09 Aug Press release: Government announces easier court entrance for legal sector
A scheme allowing practising legal professionals direct entrance to courts without the need to be searched will be piloted by HM Courts & Tribunals Service (HMCTS) in five courts, with registration beginning in August and fast-track entry from September.
The Bar Council has led the development of an app for its members to use as ID, and Law Society members will benefit from the pilot, using approved photo ID.
While tightened security procedures introduced during the last year will continue, the ‘Professional Entry Scheme’ intends to ease queues to get into court buildings and allow easier and swifter access for legal professionals who come to court regularly.
The scheme will recognise the trusted status of legal professionals without compromising security and is supported by the judiciary.
Justice Minister, Lucy Frazer, said:
Courts and tribunals are the daily workplace for many trusted legal professionals. This pilot will make it easier for them to simply get on with their job.
Of course, we need to do this in the right way, without compromising the security of our courts. To ensure this pilot is a success we are working closely with the legal profession.
Chair of the Bar, Andrew Walker QC, said:
The Bar Council has worked hard with HMCTS to promote a scheme that enables barristers to avoid long delays and searches.
We are delighted that this has now led to a pilot of the Professional Entry Scheme. If the pilot is a success, then the new secure, easy to use ID app that we are developing should enable practising barristers to make the most of the scheme, wherever they practise.
Law Society President, Christina Blacklaws, said:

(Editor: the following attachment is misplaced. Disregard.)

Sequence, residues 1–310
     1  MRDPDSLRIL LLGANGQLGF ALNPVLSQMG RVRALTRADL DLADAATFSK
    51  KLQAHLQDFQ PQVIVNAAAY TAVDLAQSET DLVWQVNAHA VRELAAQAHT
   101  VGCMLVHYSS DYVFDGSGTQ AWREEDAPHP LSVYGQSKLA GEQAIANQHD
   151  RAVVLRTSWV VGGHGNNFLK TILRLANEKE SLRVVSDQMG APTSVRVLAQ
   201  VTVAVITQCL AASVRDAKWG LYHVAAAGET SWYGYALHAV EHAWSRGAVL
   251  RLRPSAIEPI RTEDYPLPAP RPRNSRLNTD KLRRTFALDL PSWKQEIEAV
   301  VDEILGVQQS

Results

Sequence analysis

There is no doubt that easier access will benefit our members and we welcome this sensible initiative.
We have spoken to HMCTS officials about the delays practitioners can face in clearing security and we hope the pilot will pave the way for a permanent system of easier access.
In advance of the pilot, practising legal professions will need to register with their local court, agree to conditions of entry (which continue to include a list of prohibited items) and meet secure ID authentication requirements when they attend court. This includes identifying themselves as a legal professional and showing photographic ID, which will be checked by a court security officer against a registration list.
Random searches on a proportion of the participants in the pilot will be carried out to make sure the scheme is working as intended.
Legal practitioners will be invited to register with their local court from today, with fast-track entries predicted to open in early September.
If successful, the scheme will be extended nationally and could be grown to other professional groups. It will not be implemented at courts hearing terrorist or high security cases.